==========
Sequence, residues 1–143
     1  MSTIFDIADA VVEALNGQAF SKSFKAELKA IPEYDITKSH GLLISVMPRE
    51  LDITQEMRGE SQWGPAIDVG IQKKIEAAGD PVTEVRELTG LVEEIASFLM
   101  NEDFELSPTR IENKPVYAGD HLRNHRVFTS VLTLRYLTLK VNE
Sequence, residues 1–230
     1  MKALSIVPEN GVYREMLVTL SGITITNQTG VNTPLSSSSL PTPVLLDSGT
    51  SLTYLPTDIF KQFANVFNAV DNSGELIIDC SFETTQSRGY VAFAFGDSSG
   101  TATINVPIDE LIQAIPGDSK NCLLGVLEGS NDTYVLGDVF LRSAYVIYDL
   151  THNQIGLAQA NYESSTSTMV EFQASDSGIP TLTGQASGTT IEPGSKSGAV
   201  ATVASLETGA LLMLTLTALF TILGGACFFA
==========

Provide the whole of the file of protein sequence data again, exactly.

Sequence, residues 1–143
     1  MSTIFDIADA VVEALNGQAF SKSFKAELKA IPEYDITKSH GLLISVMPRE
    51  LDITQEMRGE SQWGPAIDVG IQKKIEAAGD PVTEVRELTG LVEEIASFLM
   101  NEDFELSPTR IENKPVYAGD HLRNHRVFTS VLTLRYLTLK VNE
Sequence, residues 1–230
     1  MKALSIVPEN GVYREMLVTL SGITITNQTG VNTPLSSSSL PTPVLLDSGT
    51  SLTYLPTDIF KQFANVFNAV DNSGELIIDC SFETTQSRGY VAFAFGDSSG
   101  TATINVPIDE LIQAIPGDSK NCLLGVLEGS NDTYVLGDVF LRSAYVIYDL
   151  THNQIGLAQA NYESSTSTMV EFQASDSGIP TLTGQASGTT IEPGSKSGAV
   201  ATVASLETGA LLMLTLTALF TILGGACFFA